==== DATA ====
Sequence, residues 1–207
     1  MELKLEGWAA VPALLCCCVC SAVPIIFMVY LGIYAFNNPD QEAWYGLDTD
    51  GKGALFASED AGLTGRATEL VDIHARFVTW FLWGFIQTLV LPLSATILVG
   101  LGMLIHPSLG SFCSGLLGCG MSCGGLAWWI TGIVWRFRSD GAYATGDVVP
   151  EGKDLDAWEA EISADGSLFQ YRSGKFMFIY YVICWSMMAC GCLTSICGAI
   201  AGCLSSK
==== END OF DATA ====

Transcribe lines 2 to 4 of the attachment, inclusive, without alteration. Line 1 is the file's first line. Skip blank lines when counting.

     1  MELKLEGWAA VPALLCCCVC SAVPIIFMVY LGIYAFNNPD QEAWYGLDTD
    51  GKGALFASED AGLTGRATEL VDIHARFVTW FLWGFIQTLV LPLSATILVG
   101  LGMLIHPSLG SFCSGLLGCG MSCGGLAWWI TGIVWRFRSD GAYATGDVVP